Revered and worshipped, full of bacteriophages, the Ganges is now a river of polluted sorrow…
As a child, I grew up reading about the Ganges River, Maa Ganga as it’s called in Indian religious texts. I read and retained that the Ganges is the holiest of all rivers running through India – it’s a sacred river, revered and worshipped as a goddess throughout many of the northern states that it runs through.
The Ganges is one of the largest freshwater rivers of India with many tributaries that flow through many northern states. Emanating at the Gangotri glacier in the Himalayas, the Ganges brings down mineral-rich water from the mountains to the plains, thereby enriching the flora and fauna all around its vast banks. It’s a fast-moving river that stays true to its course and finally meets the sea at the Bay of Bengal on Indian’s eastern coast. The life force of many, the Ganges provides food, water and a means of living and earning to all those who live around its rich banks.
Why is the Ganges holy, mythologically?
The Ganges, along with the Yamuna and the now-vanished Saraswati were the holy trinity of rivers – the point at which they met was considered more holy than any spot on earth – bathing in that confluence would ensure all sins being washed and the bather would eventually attain Moksha – the state where the soul is absorbed within the greatest soul of them all, the paramatma, i.e. God.
Mythologically speaking, the Ganges was a heavenly river, or rather a celestially cosmic river. The story is in fact quite convoluted and complex, but to put it simply, when Vishnu was challenged to measure the universe, he did so with his left foot and in doing so, punctured the very end of this universe with his toenail. The celestially flowing Ganges so entered this universe, and started residing in the heavens. Centuries later, a king requested Brahma (the creator) to send the Ganges to earth so that the sins of his ancestors could be washed away and they could attain Moksha. Brahma then asked Ganges to go to earth, but in doing so angered her. Ganges decided to flow down to earth in full force – to protect the earth mother, Shiva entrapped Ganges in his hair and then slowly let her flow in many streams that flowed swiftly but did not destroy. And so the Ganges came to earth. Interestingly, the Ganges is the consort of all three Lords of the trinity – she’s in Brahma’s kamandalu (water pot), is one of Vishnu’s wives and is continuously with Shiva – as he keeps receiving her waters from the heavens and lets them flow onto the earth. She is also the mother of Skanda, or Kartikeya and is also referred to as Shakti – for don’t her energizing waters reflect the energy of the universe?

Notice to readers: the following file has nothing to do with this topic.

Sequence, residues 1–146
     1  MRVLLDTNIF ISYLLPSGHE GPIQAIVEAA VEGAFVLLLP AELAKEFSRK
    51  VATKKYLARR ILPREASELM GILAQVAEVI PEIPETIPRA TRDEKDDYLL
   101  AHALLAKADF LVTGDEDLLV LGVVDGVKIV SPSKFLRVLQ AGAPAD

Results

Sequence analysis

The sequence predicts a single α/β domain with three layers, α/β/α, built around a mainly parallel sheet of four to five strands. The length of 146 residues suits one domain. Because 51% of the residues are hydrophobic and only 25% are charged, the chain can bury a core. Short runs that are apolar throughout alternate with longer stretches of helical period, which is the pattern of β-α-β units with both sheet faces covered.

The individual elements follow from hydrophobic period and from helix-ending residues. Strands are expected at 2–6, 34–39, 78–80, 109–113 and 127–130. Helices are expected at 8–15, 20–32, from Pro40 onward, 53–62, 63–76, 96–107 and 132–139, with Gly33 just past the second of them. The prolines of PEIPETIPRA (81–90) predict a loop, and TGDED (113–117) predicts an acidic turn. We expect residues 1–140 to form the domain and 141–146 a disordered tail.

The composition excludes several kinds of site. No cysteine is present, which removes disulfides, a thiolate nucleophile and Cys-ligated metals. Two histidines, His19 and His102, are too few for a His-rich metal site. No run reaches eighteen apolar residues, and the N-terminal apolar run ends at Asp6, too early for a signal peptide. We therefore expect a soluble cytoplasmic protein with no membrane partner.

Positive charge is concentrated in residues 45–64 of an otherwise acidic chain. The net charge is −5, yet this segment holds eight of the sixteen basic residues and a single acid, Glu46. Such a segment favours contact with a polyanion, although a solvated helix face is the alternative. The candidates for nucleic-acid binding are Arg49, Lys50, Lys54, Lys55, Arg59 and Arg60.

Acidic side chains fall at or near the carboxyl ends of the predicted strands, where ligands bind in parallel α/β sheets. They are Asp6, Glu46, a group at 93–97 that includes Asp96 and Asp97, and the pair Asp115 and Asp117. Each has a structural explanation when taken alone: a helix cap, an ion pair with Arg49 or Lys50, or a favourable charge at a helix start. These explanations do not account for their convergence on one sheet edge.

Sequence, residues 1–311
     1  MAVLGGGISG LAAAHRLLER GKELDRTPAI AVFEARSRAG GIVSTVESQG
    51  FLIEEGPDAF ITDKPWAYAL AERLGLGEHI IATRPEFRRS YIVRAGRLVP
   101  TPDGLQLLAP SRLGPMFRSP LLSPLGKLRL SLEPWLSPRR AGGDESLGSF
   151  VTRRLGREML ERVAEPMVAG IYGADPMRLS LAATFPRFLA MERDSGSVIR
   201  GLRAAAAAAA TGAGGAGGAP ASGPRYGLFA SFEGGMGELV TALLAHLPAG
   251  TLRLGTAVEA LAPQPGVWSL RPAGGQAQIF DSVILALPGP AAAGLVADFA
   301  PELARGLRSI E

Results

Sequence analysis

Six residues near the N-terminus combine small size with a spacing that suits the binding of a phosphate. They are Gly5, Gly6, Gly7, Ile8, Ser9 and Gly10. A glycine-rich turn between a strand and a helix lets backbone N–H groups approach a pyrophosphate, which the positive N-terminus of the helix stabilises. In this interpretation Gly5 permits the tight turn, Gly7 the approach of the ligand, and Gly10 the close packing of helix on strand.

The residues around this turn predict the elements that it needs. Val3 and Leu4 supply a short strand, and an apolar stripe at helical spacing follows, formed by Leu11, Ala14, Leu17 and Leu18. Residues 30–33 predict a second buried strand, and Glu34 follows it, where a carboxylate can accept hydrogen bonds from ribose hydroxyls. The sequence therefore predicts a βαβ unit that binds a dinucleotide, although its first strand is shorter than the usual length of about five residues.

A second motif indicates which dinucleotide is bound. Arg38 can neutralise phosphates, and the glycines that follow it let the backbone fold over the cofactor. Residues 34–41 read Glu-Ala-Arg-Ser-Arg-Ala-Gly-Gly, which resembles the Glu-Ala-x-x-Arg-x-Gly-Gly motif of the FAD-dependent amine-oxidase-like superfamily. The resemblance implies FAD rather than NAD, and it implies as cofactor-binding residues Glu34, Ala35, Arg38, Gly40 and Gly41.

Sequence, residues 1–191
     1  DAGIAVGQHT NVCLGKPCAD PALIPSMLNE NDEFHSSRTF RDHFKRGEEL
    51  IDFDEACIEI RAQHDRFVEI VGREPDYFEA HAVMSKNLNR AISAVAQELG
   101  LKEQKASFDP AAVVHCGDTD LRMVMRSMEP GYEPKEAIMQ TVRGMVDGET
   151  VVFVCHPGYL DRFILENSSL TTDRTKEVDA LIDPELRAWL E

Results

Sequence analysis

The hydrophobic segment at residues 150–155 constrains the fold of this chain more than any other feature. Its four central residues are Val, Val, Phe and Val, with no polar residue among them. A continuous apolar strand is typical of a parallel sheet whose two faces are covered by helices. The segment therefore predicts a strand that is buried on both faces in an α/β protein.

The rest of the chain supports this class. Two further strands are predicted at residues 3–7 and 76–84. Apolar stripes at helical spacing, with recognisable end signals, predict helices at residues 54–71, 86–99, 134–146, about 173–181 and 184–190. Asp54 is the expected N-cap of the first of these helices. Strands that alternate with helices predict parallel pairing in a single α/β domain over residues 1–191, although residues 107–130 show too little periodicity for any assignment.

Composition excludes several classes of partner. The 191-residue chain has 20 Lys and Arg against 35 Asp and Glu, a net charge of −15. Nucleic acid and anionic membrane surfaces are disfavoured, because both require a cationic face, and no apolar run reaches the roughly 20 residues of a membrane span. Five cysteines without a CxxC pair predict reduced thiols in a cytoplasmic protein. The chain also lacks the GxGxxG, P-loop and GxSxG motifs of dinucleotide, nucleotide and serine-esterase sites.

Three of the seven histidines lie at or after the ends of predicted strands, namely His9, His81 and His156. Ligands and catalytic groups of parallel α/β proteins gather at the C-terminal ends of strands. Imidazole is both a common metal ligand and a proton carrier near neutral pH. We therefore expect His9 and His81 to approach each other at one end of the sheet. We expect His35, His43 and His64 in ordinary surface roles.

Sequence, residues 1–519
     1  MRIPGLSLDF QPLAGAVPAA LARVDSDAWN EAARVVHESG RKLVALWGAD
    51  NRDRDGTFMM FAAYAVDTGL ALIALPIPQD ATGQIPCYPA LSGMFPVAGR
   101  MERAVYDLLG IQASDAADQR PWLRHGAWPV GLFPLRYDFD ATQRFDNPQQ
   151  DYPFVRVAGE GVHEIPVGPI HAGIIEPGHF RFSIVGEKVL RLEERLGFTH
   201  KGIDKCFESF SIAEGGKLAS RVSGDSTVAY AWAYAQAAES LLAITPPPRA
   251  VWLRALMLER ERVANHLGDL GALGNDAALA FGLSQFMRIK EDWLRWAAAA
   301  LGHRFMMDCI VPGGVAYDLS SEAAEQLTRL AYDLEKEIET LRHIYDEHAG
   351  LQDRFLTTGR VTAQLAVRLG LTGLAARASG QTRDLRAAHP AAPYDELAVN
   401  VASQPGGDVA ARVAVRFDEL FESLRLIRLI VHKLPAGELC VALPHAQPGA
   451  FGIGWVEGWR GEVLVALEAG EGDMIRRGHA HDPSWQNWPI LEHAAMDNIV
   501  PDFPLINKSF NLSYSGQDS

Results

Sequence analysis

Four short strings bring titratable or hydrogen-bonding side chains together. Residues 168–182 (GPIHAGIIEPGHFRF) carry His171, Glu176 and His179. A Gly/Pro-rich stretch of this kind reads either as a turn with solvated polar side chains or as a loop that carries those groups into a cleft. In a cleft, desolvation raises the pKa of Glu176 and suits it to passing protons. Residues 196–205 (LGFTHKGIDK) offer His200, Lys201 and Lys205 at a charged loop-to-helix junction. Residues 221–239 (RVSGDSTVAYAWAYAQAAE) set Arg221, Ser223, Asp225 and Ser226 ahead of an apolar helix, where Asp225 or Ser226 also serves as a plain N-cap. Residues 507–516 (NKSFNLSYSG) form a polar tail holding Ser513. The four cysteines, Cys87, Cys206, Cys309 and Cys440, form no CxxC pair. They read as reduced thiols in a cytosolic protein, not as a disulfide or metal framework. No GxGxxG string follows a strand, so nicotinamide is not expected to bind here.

Why is the Ganges holy, spiritually?
Spiritually speaking, the ashes of our cremated dead are immersed in the Ganges – for it is believed by the Hindus that by doing so, the river who has ascended from the heavens will carry the souls of the dead though the netherworld into the path of Moksha or enlightenment. It's only natural for us to feel a kinship with this river that has absorbed the ashes of our dearly departed, and continues to do so to date -- so much so that we put a sprinkling of water from the Ganges in and around the mouth of the departed. The Ganges purifies, and so this is symbolic of Hindus trying to purify the soul of the dead and cleanse them of all earthly sins so that they can attain heavenly abode.
Hindus don’t just worship the past, or the unknown. Sometimes behind the aarti and the archana is a simple sentiment that says “Oh Ganges, take care of the ones who are no longer with us. O heavenly, celestial river, we have handed over our departed family to you – keep them safe and help onwards towards the path of enlightenment for you, and only you, know the way to there.”
Why is the Ganges holy, scientifically?
Recent studies have hinted towards the water of the Ganges being rich in bacteriophages, which are viruses that attack and destroy harmful bacteria. Found more in quantity where the river flows unpolluted and clean, these bacteriophages are harmless to humans and prevent rotting and putrefication.
Despite this, we have polluted even that we consider holy. Today parts of the Ganges flow sparklingly and yet there exist parts of this river that are polluted, filthy and indescribably dirty. The Ganges, once revered and still worshipped, is far from the celestial river it may once have been. Today the Ganges is nothing but a river of sorrow, flowing with effluents and filth – languishing in disease and dormancy.
The Ganges is a significant part of the earth geographically and spiritually. But perhaps the point is that it isn’t really holy any more. In 2011, Swami Nigamananda Saraswati actually fasted to his death in a bid to stop illegal mining and quarrying on the banks of the Ganges to protect this river. Mining was subsequently banned, but it hasn’t stopped, nor has polluting the river with effluent, household waste and detergent. The Ganges still flows unclean. And yet, the evening aarti of Maa Ganga at Benaras or Hardiwar still glitters with pomp and show.
Many fear the holiness has been lost. Environmental activism and a revered respect for Mother Earth must be resurrected